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Mr. Goodwin goes to Washington

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HCHS senior wins Free Spirit Award

By Cindy DiFazio

Staff writer/photographer

A passion for journalism, both print and broadcast has earned an HCHS senior a trip to Washington.

Brandon Goodwin, a senior at Henry County High School, has already come a long way and is still going places. An Oklahoman transplanted to Franklinton,  Goodwin soon will travel to Washington, D.C., to collect a scholarship for outstanding work in the field of journalism.

Goodwin said the opportunity to apply for the scholarship kind of snuck up on him. Media teacher, Steve Galyon told him he would be a good candidate, but the deadline was short.

“The first time I saw it was the day before it was due,” Goodwin said. After getting an extension on the deadline, Goodwin rushed to complete a letter of interest, two essays, a six-page application and video proof in broadcasting and journalism.

The gambit paid off when he won at the state level. He was one of two Kentucky students to receive the Al Neuharth Free Spirit Scholarship, an annual prize given to one male and one female student in each of the 50 states plus the District of Columbia.

Goodwin said his journey began when he transferred to HCHS as a sophomore from a small high school in Okemah, Okla. “I was in a graduating class of 40,” he said. “They considered computer classes a foreign language.”

The variety of courses available to students at HCHS was a thrilling change for the gifted teen who quickly discovered his niche. Journalism is Goodwin’s passion. “I started taking Mr. Galyon’s classes,” he said, “and it just sparked.”

Galyon teaches Broadcast Journalism including Introduction to Filmmaking and Broadcast News. Goodwin also takes a print journalism course offered by Language Arts teacher Jona Arnold. “Writing and videography are where my peak of talent is,” he said.

Goodwin started writing weekly sports stories, which led to a position with WLKY-32 News High School Playbook. There, he reports high school sports for eight schools in Henry, Oldham, Shelby and Trimble counties. Goodwin posts to the internet, writes a blog and records video for the Web site.

Goodwin also writes for the HCHS school paper, The Paw Print, published by print journalism students. He said most of the class is more focused on yearbook work and knows he enjoys writing. “I end up doing most of the reporting,” he said.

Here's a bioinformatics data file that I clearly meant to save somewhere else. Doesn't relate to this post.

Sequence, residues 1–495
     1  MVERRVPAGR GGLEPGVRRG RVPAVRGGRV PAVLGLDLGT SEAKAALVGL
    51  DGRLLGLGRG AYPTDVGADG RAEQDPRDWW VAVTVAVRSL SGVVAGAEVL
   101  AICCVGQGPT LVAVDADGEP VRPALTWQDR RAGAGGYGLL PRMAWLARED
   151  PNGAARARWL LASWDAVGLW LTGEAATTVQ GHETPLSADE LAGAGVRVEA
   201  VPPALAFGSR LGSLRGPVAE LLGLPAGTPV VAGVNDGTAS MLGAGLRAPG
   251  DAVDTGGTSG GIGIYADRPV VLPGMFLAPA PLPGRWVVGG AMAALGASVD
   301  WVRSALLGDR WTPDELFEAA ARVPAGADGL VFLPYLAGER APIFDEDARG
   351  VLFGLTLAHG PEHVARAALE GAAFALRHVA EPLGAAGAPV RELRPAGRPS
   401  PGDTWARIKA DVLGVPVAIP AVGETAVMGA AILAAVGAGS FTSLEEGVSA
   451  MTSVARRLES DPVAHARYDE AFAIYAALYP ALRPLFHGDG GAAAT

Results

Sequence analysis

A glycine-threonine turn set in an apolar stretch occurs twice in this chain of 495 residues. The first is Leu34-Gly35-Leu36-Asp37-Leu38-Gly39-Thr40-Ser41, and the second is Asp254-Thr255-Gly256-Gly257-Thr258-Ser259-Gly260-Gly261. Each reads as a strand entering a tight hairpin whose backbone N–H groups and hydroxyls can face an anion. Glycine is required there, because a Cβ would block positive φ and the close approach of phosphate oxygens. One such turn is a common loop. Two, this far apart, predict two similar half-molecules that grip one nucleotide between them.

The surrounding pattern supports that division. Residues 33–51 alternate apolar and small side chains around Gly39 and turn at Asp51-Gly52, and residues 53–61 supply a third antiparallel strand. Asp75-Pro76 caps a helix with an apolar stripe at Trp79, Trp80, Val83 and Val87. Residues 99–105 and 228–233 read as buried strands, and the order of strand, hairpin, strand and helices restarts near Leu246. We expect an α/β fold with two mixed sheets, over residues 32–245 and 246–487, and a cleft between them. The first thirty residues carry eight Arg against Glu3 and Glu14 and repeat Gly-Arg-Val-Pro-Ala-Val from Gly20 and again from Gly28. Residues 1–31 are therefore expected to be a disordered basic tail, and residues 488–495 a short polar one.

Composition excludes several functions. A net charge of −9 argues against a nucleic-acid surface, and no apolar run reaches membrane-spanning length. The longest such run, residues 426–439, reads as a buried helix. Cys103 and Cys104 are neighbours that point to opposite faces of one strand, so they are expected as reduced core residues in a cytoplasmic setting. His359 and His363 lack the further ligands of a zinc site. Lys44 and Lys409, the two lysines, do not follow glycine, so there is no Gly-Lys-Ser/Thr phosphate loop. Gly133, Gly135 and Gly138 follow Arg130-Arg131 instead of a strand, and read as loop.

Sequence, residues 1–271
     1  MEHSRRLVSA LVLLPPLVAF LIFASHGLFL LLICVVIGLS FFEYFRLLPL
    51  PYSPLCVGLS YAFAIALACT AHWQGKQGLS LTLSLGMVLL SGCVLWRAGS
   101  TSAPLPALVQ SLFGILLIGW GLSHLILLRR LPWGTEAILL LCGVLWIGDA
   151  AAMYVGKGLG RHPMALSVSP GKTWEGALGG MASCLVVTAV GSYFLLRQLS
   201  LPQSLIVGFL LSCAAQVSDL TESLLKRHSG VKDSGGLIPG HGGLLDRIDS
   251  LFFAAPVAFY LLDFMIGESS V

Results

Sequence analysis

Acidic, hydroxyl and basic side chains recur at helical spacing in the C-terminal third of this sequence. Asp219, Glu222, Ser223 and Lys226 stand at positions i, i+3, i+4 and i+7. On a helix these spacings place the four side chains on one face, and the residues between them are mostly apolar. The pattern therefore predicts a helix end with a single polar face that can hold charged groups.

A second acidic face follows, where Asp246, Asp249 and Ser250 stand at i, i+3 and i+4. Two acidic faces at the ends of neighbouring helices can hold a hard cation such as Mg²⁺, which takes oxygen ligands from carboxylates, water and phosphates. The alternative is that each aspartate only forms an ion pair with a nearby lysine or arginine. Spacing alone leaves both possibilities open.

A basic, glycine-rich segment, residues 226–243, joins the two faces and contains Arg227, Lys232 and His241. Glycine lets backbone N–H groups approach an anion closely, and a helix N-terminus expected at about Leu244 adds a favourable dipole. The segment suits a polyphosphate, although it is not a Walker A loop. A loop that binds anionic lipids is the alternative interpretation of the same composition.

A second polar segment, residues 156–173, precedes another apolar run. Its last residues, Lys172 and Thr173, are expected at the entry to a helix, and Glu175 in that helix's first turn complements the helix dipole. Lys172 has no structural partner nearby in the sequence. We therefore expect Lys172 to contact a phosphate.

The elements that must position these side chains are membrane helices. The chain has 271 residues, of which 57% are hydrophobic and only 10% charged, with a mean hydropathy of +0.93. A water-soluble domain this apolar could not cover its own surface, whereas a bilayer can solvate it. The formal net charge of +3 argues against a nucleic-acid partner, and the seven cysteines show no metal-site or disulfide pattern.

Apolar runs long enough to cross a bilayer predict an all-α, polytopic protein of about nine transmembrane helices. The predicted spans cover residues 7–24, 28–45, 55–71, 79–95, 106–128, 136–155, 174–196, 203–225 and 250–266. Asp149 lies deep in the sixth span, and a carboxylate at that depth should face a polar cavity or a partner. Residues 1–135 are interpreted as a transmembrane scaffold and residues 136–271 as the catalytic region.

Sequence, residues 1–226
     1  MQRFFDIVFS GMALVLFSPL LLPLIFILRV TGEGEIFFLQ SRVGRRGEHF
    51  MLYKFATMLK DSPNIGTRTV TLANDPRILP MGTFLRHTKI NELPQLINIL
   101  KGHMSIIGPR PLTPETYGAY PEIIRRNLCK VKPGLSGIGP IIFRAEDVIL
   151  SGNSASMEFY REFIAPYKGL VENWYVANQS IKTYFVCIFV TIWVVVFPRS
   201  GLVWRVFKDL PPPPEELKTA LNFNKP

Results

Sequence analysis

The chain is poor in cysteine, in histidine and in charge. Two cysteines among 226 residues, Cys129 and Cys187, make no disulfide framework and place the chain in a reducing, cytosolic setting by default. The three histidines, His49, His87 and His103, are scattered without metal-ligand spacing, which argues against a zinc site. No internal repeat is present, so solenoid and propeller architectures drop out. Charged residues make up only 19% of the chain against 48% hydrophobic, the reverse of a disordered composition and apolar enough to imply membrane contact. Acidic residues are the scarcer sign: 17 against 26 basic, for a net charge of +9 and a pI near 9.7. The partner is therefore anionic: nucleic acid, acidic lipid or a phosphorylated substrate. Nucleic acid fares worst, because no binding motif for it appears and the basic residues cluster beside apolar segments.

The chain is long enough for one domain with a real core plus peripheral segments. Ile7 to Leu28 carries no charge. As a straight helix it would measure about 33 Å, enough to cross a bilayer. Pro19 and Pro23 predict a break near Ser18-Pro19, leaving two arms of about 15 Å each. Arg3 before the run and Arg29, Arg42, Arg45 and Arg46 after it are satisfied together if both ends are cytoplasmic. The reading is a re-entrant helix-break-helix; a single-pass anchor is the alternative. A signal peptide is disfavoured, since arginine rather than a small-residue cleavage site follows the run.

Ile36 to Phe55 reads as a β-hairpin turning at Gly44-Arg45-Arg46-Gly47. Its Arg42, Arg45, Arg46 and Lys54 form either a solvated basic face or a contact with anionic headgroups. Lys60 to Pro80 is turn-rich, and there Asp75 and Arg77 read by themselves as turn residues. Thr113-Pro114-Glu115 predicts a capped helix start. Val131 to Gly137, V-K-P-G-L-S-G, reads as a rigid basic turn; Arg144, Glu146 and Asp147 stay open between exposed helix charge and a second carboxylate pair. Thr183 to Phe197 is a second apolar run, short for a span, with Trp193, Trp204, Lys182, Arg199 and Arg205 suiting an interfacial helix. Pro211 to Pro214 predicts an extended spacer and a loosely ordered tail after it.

The Al Neuharth Free Spirit Scholarship is another stepping stone on his path to a career in journalism. State winners receive a six-day all expenses paid trip to the scholarship and journalism conference program at the Newseum, a museum dedicated to news and journalism. It was built by the Freedom Forum.

The annual conference and scholarship awards gives budding journalists opportunities to meet nationally acclaimed journalists as well as their peers. While there, students will meet with Meet the Press moderator David Gregory and sit in on a session of C-Span.

The 102 high school students also will be vying for more scholarship money. “I’ll be competing for a $10,000 scholarship,” Goodwin said. “The girl attends DuPont Manual,” Goodwin said. “I’ve been scouting out the competition.”

The $1,000 scholarship already has been earmarked to help defray some of his expenses at the University of Kentucky, to which Goodwin received a full scholarship, in Lexington next fall.

Goodwin said he considered Western Kentucky University, but chose UK for its challenging academics.  “I’m majoring in Political Science with a minor in Journalism,” he said. “I want to have some back-up plan.”

After graduating college, Goodwin plans to launch a journalism career. “The first job I’d really want is working at a major newspaper or local TV station,” he said.

Goodwin said although he has seen statistics showing journalistic growth in the negative, he is not deterred. “With the industry as shaky as it is,” he said, “I’ll go wherever the job is.”

 

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